Below are a list of research opportunities that may be of interest to Psi Chi members. These projects have been vetted by the Research Advisory Committee and represent projects that are likely to be accessible to Psi Chi members.
Network for International Collaborative Exchange (NICE)
Psi Chi’s NICE facilitates cross-cultural research among Psi Chi students, faculty, and nonmember researchers, both within the United States and internationally. NICE has two subcomponents, NICE: Connect and NICE: Crowd.
NICE: Connect—For Projects Seeking Collaborators
NICE: Connect has partnered with StudySwap, a new website aiming to help initiate collaborations in psychological science. Researchers post brief HAVEs or NEEDs in search of collaborators. Find a project to join or post your own! Include “Psi Chi NICE” at the beginning of your project titles so others will know you are participating through this program.
NICE: Crowd—Call for Research Contributors
NICE:CROWD is focused on using crowdsourcing to gather researchers from around the globe to answer a specified research question by using a common protocol. The first-ever CROWD project is “Understanding Family Dynamics in a Cross-Cultural Sample.” The proposal was submitted by Mary Moussa Rogers and Dr. Cliff McKinney of Mississippi State University, and is focused on determining if the Circumplex Model of family functioning fits across cross-cultural samples.
Contributors are asked to recruit 100 emerging adults and administer a self-report battery. Faculty and students are encouraged to participate because CROWD is a valuable teaching opportunity. CROWD provides access to the preregistration template, and all materials and protocols. As such, students can be taken through the entire scientific method and research process including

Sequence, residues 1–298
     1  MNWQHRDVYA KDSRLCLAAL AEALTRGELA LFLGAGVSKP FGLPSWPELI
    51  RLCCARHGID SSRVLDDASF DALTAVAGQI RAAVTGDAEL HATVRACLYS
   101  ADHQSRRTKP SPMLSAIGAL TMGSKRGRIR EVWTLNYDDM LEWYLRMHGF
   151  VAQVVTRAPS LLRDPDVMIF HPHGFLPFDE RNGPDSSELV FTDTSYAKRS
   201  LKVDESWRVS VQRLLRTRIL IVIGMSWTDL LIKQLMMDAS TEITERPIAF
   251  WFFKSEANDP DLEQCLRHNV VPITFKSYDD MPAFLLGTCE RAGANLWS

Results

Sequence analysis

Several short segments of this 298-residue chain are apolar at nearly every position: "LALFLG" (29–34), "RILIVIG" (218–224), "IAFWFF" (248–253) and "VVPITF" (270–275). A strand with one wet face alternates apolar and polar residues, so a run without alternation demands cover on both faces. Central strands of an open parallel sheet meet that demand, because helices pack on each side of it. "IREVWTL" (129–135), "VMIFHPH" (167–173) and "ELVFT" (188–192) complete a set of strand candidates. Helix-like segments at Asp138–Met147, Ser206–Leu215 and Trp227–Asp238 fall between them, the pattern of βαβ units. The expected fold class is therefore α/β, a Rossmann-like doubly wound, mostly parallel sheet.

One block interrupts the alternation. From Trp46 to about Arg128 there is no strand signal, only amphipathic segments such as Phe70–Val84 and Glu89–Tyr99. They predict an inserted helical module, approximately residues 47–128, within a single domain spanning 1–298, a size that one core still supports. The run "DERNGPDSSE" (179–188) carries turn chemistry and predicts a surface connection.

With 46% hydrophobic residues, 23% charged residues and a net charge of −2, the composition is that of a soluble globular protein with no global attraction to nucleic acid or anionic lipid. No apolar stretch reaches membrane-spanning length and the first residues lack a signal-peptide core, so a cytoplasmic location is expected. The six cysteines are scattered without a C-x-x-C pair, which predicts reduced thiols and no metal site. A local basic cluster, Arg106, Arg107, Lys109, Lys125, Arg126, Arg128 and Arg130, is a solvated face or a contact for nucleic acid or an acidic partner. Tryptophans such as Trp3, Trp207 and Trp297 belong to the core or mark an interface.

- hypothesis generation,
- selection of measures,
- data collection, and
- the peer-review process.
CROWD is easy to implement in research methods classes given that materials and protocols are available to contributors. Further, all collaborators who collect 100 cases will be eligible for potential manuscript authorship—a great addition to any undergraduate or graduate student’s CV. To become a CROWD contributor and collect data for this project, visit HERE. Contact NICE Chair Kelly Cuccolo at Kelly.Cuccolo@und.edu with questions.
Volunteer With NICE
The Psi Chi Research Advisory Committee is seeking volunteers (students or faculty) who are interested in joining a network of researchers to collaborate on cross-cultural research projects following a crowdsourcing research model. You can (a) facilitate coordination among researchers, (b) submit and support research topics, and/or (c) connect with other researchers interested in cross-cultural investigations. Visit HERE to indicate which area(s) you are interested in and to submit your contact information.
For more information about NICE, contact NICE Chair Kelly Cuccolo or Psi Chi Research Director Dr. John Edlund. This initiative is open to everyone, regardless of whether your school has a Psi Chi chapter.
Research Studies Looking for Collaborators